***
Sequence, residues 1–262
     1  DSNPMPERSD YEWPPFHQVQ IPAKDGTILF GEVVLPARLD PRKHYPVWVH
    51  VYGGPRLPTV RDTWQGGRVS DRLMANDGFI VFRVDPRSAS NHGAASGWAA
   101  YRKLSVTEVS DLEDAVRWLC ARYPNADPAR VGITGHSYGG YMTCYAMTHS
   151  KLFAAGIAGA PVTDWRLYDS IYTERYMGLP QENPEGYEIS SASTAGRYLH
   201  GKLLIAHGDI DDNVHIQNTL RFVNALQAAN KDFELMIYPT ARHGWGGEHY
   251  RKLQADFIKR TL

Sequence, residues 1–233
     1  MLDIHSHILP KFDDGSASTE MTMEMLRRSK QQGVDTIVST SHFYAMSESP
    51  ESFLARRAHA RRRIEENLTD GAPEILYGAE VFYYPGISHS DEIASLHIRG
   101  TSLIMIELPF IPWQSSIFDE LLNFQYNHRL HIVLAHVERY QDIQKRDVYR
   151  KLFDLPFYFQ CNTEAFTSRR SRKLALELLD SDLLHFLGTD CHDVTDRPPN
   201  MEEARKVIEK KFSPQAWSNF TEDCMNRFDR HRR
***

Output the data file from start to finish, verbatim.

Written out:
Sequence, residues 1–262
     1  DSNPMPERSD YEWPPFHQVQ IPAKDGTILF GEVVLPARLD PRKHYPVWVH
    51  VYGGPRLPTV RDTWQGGRVS DRLMANDGFI VFRVDPRSAS NHGAASGWAA
   101  YRKLSVTEVS DLEDAVRWLC ARYPNADPAR VGITGHSYGG YMTCYAMTHS
   151  KLFAAGIAGA PVTDWRLYDS IYTERYMGLP QENPEGYEIS SASTAGRYLH
   201  GKLLIAHGDI DDNVHIQNTL RFVNALQAAN KDFELMIYPT ARHGWGGEHY
   251  RKLQADFIKR TL

Sequence, residues 1–233
     1  MLDIHSHILP KFDDGSASTE MTMEMLRRSK QQGVDTIVST SHFYAMSESP
    51  ESFLARRAHA RRRIEENLTD GAPEILYGAE VFYYPGISHS DEIASLHIRG
   101  TSLIMIELPF IPWQSSIFDE LLNFQYNHRL HIVLAHVERY QDIQKRDVYR
   151  KLFDLPFYFQ CNTEAFTSRR SRKLALELLD SDLLHFLGTD CHDVTDRPPN
   201  MEEARKVIEK KFSPQAWSNF TEDCMNRFDR HRR